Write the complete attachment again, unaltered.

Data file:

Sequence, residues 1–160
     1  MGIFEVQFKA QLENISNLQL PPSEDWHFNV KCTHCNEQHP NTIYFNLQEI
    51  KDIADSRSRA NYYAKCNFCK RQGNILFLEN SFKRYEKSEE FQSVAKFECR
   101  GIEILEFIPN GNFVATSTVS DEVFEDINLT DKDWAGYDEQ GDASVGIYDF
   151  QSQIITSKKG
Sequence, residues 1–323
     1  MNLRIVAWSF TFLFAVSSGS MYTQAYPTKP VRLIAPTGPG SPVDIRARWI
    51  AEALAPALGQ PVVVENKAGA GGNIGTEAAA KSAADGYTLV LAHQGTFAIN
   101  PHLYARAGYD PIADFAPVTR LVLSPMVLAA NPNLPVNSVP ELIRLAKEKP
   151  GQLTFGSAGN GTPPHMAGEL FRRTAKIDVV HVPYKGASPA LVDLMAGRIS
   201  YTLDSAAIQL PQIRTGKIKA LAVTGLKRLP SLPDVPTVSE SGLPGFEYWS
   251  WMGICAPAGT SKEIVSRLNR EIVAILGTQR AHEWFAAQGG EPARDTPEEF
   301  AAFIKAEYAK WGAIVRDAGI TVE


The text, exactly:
Sequence, residues 1–160
     1  MGIFEVQFKA QLENISNLQL PPSEDWHFNV KCTHCNEQHP NTIYFNLQEI
    51  KDIADSRSRA NYYAKCNFCK RQGNILFLEN SFKRYEKSEE FQSVAKFECR
   101  GIEILEFIPN GNFVATSTVS DEVFEDINLT DKDWAGYDEQ GDASVGIYDF
   151  QSQIITSKKG
Sequence, residues 1–323
     1  MNLRIVAWSF TFLFAVSSGS MYTQAYPTKP VRLIAPTGPG SPVDIRARWI
    51  AEALAPALGQ PVVVENKAGA GGNIGTEAAA KSAADGYTLV LAHQGTFAIN
   101  PHLYARAGYD PIADFAPVTR LVLSPMVLAA NPNLPVNSVP ELIRLAKEKP
   151  GQLTFGSAGN GTPPHMAGEL FRRTAKIDVV HVPYKGASPA LVDLMAGRIS
   201  YTLDSAAIQL PQIRTGKIKA LAVTGLKRLP SLPDVPTVSE SGLPGFEYWS
   251  WMGICAPAGT SKEIVSRLNR EIVAILGTQR AHEWFAAQGG EPARDTPEEF
   301  AAFIKAEYAK WGAIVRDAGI TVE